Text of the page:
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NYC getting new record store Limited to One, focusing on rare & collectable vinyl

limited-to-one

With record stores in NYC becoming more scarce, it’s good to hear that there are new ones opening, too. Limited to One is a new store set to open July 29 at 221 East 10th St. in the East Village. Kristian Sorge, who is part of the Recordnerdz podcast, is behind the new store (along with Nichole Porges) that is “specializing in rare and collectible contemporary vinyl and cassettes.” Contemporary is a key word here: If you look at Limited to One’s Instagram you can see some of the 2000 or so records they’ve already acquired for the store, including original copies of Cap’n Jazz – Analphabetapolotholgy, Nas – It Was Written, Jawbreaker – Dear You, plus Japanese pressings of Nirvana’s Bleach and In Utero, and other stuff.

We asked Kristian a few questions about the store via email and you can read that below.

 

With your focus on rare, hard-to-find records, will the store offer anything for the casual vinyl fan who just happens by the store?

Absolutely, just because a record is out of print or limited, doesn’t make it expensive.

Will you carry new records at all? Reissues?

The answer is yes and no. We will be carrying new music, but we are also going to try our best to carry new items that are limited pressings (at reasonable prices.) We are going to work with labels to be the store that will carry the limited pressings of their sold out items. We want to collaborate with labels to release their limited releases in our store and on their website only. We have a few in the works already. We’ll also carry quite a few new artists and labels, such as Community Records, Tiny Engines, Fat Wreck, Revelation Records, Joyful Noise Records, Little Elephant Lathes and a ton more. We are also looking for artists, labels, brands and musicians to collaborate with us on future releases.

In this age of Discogs where you have access to pretty much any record that was ever in print if you’re willing to spend the dough, what advantages are there to having a brick and mortar store (both for you and for record buyers)?

The first one is that our shop is going to carry sought after items for lower than normal prices. We are making it our goal not sell overpriced records.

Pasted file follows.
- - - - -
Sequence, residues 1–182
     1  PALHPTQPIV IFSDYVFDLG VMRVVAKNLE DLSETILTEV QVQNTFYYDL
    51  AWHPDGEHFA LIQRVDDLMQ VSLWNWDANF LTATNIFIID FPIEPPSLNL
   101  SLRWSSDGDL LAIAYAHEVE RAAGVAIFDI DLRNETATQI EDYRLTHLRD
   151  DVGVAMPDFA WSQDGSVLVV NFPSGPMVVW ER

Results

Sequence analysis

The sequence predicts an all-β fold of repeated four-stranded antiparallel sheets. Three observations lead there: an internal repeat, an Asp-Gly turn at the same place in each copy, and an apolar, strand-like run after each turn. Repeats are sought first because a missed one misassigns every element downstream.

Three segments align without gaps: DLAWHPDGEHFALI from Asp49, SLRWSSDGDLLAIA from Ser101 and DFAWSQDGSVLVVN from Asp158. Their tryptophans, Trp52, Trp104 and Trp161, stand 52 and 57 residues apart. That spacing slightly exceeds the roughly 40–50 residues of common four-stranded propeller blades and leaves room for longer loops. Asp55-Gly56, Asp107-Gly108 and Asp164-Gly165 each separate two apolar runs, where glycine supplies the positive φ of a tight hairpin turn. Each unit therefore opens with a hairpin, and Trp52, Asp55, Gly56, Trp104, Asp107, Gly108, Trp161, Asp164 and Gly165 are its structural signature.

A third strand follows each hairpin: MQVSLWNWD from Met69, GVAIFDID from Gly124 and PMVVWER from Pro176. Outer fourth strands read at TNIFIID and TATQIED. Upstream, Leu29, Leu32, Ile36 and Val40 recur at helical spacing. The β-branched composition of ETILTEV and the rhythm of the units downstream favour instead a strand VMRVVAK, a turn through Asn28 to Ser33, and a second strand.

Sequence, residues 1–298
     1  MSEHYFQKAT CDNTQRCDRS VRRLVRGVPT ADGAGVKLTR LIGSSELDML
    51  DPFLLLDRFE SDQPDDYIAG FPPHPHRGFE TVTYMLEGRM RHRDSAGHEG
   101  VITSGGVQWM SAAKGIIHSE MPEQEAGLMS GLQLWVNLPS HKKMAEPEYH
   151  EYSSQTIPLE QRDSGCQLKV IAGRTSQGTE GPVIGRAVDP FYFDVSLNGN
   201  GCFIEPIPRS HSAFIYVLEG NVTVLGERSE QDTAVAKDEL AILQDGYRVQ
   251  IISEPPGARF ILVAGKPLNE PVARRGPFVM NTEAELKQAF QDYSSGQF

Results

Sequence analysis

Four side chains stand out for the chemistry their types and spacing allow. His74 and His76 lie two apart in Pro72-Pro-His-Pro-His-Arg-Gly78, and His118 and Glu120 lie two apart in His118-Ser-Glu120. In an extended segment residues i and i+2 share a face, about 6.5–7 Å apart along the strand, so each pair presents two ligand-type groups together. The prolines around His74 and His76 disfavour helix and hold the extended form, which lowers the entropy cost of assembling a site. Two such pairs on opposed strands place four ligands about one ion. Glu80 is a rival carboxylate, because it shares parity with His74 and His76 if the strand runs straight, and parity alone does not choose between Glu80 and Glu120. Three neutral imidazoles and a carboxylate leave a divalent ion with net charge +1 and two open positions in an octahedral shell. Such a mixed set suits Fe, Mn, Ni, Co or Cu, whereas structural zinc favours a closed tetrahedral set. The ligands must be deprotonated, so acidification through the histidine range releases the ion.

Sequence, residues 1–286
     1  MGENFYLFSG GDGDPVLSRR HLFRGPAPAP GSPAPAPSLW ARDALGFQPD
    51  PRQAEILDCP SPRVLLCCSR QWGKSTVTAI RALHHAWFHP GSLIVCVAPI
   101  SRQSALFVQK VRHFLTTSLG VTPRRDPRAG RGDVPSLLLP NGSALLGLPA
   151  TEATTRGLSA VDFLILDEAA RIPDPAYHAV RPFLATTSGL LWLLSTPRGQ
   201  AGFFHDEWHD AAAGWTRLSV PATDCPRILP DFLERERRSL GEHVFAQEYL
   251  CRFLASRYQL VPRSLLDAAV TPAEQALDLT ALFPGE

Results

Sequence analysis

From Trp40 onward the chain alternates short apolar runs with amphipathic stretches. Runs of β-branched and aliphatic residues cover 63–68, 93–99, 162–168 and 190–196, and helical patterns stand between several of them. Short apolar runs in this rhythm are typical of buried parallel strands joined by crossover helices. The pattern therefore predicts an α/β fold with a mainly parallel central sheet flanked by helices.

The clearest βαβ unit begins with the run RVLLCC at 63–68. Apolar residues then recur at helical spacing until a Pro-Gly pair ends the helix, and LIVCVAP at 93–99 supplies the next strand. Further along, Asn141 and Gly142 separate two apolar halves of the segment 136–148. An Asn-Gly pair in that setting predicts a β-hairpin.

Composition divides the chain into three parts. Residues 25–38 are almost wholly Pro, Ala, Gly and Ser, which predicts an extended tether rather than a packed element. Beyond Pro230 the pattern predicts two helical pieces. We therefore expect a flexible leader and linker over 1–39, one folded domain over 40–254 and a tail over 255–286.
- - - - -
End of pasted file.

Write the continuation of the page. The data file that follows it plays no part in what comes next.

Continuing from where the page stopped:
The second is we can have people come in and check out the records first hand. We’ve all ordered items on Discogs only to find them misgraded or without items listed in the sale. It’s a huge let down.

The last reason is that I have been traveling extensively to find records that aren’t readily available on discogs or in other record stores. We wanted to focus on items that you don’t see often see, such as test pressings, obi strips and tour variants.

Was there a list of records you really wanted to have in the store on the day you opened?

Absolutely! We have been trying to locate tons of original full-length hip hop records such as the full De La Soul catalog, Big L, Tribe, and Black Star. We wanted an original Smashing Pumpkins Mellon Collie and a few Japanese pressings of The Clash. We’re also going to carry a lot of punk and hardcore that have been out of press for awhile. Such as the first pressing of Black Flag, Bane, Converge, Descendents, early Dischord releases, 90’s midwestern bands like Boys Life, Mineral, etc. We were able to find a copy of Jawbreaker Live, A Japanese pressing of The Smiths Meat Is Murder, original tour pressings of the band Orchid, and a Fugazi test pressing (or two) among many others.

What’s your favorite record store?

I love so many stores. Some of my favorites in the states are definitely Academy Brooklyn, Double Decker in PA, Permanent in Chicago and LA, and Arrow’s Aim in Gainesville. I also love Disk Union and Waltz in Tokyo and Tiny Record Shop in Toronto.

Anything else we should know?

I really just want to stress that we are trying to be as reasonable as possible with our pricing, and we are going to try our best to stock the store with records that the community loves.

I honestly just wanted to open a shop that my friends and I would want to shop at. To have a store that specifically sells records we love and have it be a different experience than the record stores that currently exist. I grew up in Jersey and have been part of the New York vinyl community for a long time.. My personal vinyl collection is roughly around 8,000 LP’s and 45’s. I love what New York has to offer in terms of record stores and I am looking forward to being a part of it.

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